Carolina Tractor-Trailer Accidents: New Limits on Truck Driver Hours

According to an article from Safety and Health Magazine, the hours a truck driver may spend on the road are being reduced.

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Our Spartanburg personal injury attorneys know that a tired truck driver controlling an 80,000 pound vehicle can have disastrous results.

The average employee in the United States works 40 hours per week. In contrast, truck drivers may frequently work almost double that amount.

The amount of time a truck driver is allowed to work during the week is at the focus of a debate over the latest changes to the newest Federal Motor Carrier Safety Administration regulations.

New regulations established in December 2011 went into effect on the first of July. The regulations require truck drivers to utilize a 30 minute break at some point during their workday.

In addition, truck drivers are now limited in their ability to reset their driving hours to only for every seven day period. Truckers are now also required to take a 34 hour break which includes a minimum of two rest periods between 1 a.m. and 5 a.m.

It is clear that with these new regulations safety is the highest priority. The rules are meant to make commonsense changes in an effort to stop truck drivers from driving vehicles while tired.

This will result in an overall improvement in the safety of every driver using the roads and highways.

Although everyone is in favor of more safety many industry stakeholders are not in favor of the new regulations.

A survey showed that about three quarters of all truck drivers felt the 34 hour off-time provision combined with the requirement to sleep at night will have a major or moderate impact on the way they conduct operations.

The same survey also showed that the changes would force carriers to drive during more congested time periods. Truckers feel that this could actually cause more danger for themselves and others on the road.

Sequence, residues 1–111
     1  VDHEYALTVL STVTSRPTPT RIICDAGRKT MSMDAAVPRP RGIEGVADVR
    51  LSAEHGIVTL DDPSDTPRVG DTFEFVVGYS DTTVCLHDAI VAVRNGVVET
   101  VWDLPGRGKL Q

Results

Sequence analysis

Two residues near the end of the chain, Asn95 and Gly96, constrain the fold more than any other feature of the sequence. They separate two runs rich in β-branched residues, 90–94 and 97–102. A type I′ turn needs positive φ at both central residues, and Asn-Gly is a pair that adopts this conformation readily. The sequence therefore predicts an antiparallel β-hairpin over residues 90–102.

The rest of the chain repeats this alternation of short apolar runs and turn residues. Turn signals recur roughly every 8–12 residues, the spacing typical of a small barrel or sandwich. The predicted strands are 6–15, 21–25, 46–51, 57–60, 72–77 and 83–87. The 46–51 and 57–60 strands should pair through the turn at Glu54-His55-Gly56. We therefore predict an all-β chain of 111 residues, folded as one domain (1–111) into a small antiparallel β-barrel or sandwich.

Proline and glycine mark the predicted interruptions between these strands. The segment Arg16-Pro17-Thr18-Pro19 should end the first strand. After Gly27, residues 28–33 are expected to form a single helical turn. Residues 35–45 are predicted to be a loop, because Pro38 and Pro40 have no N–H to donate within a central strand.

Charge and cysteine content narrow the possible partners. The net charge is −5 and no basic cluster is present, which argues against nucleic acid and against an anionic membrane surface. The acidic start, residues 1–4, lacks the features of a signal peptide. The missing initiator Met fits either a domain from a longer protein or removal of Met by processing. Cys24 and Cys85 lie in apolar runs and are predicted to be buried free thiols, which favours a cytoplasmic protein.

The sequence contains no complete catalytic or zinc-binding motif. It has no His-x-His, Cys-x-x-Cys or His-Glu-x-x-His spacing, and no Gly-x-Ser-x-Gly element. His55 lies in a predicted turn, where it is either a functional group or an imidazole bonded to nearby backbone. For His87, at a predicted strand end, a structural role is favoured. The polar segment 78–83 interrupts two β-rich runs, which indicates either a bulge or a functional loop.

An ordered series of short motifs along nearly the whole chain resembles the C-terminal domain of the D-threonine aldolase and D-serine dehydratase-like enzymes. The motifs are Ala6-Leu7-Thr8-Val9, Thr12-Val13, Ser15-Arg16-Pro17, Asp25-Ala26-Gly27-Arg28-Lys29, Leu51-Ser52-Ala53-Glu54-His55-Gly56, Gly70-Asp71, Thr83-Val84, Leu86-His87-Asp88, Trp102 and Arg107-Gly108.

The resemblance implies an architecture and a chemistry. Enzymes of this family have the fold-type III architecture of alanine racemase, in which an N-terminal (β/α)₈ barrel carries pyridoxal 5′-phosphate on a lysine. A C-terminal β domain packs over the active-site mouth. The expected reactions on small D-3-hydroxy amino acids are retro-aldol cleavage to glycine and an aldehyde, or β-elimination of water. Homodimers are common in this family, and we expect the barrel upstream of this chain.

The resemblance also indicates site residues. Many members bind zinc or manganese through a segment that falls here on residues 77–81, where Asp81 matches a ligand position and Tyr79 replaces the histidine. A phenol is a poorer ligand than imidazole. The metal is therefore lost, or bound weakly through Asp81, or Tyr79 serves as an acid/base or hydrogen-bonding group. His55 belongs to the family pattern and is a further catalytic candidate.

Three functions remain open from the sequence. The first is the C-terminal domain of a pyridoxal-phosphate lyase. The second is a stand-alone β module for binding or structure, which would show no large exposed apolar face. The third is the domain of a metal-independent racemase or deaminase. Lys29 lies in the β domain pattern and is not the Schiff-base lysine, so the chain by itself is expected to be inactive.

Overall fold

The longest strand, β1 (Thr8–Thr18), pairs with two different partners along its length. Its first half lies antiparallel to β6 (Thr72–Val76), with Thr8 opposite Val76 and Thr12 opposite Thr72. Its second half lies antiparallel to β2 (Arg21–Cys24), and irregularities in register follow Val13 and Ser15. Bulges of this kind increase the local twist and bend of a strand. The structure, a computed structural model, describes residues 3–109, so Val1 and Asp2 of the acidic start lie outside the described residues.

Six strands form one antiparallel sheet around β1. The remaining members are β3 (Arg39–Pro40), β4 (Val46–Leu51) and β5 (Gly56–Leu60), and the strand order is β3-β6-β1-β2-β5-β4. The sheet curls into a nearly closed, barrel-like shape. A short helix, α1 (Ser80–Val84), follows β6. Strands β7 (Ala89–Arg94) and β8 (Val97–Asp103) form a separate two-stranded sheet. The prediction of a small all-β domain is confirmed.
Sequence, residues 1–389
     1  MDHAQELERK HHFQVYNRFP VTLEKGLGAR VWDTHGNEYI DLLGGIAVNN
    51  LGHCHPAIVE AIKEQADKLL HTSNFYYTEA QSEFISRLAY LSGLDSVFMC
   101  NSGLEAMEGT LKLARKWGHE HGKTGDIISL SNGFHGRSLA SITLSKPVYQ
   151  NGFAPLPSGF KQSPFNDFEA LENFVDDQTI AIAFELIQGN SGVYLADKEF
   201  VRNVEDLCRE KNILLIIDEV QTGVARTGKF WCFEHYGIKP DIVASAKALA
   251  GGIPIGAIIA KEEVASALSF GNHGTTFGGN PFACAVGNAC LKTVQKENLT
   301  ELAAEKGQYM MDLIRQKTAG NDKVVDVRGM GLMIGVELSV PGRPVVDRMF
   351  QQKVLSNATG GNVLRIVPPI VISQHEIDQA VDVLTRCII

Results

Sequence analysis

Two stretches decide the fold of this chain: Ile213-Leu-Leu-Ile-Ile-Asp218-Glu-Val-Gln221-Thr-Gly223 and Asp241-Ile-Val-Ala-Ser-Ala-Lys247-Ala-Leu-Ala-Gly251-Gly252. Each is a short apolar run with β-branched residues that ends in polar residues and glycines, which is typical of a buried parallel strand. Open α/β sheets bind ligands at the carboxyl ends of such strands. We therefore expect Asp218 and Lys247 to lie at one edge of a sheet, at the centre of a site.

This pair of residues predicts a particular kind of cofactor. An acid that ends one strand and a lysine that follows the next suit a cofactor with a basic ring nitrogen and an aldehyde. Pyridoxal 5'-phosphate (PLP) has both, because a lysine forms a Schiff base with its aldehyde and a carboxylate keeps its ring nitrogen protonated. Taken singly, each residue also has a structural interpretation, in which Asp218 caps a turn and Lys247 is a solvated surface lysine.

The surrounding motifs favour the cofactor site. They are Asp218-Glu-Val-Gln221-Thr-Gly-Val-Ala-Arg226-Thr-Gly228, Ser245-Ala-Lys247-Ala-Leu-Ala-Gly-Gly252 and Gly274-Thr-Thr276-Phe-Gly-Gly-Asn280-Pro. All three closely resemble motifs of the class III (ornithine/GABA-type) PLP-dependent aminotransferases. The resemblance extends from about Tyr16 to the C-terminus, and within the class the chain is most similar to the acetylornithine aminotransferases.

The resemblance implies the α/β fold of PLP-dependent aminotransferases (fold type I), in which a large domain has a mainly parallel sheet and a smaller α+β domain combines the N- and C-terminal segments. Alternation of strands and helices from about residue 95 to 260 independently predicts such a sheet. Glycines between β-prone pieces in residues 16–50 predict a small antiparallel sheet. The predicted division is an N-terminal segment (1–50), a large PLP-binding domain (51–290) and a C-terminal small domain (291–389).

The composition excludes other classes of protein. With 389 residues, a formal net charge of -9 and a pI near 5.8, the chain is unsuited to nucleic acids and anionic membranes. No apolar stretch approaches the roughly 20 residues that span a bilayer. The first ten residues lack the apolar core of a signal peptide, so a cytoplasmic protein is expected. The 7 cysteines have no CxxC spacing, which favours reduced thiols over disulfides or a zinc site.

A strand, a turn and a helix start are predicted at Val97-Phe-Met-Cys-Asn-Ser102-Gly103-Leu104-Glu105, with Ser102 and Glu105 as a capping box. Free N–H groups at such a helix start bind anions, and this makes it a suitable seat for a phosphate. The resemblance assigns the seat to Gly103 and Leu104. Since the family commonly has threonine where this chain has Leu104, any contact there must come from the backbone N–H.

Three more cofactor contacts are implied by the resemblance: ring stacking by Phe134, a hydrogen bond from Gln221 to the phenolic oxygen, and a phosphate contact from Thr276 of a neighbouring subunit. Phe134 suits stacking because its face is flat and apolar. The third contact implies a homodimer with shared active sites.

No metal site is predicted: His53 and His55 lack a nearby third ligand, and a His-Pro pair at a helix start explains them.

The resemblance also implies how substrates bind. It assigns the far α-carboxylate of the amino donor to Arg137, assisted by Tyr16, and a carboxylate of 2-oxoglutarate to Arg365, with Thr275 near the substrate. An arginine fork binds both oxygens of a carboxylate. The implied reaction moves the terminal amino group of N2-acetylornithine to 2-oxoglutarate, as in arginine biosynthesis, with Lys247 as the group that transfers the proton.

Others feel that the new regulations do not do enough to prevent truck drivers from working while fatigued.

According to research, a trucker’s fatigue reaches a level that substantially affects their ability to operate a vehicle safely after they have been driving for 8 hours.

The current regulations allow for 11 hours of driving per day which some say will lead to substantially more accidents.

Advocates of increased regulation feel that the ability of truck drivers to reset their weekly driving limit is problematic and dangerous. The major issue is that more than 34 hours is required to allow a driver to fully recuperate on a weekly basis.

If a driver loses concentration for even one second of their 11 hour work day on the road the results could be disastrous. The stakes are very high.

If you or someone you love has suffered an injury, contact Lee Law Offices, P.A. for a free and confidential consultation with our North and South Carolina attorneys. Call 1-800-887-1965.

More Blog Posts:

Rubbernecking on Carolina Roads Causes Additional Traffic Accidents, North Carolina Personal Injury Blog, October 25, 2013.

Multitude of Bus Accidents in the Carolinas and Elsewhere, North Carolina Personal Injury Blog, October 21, 2013.

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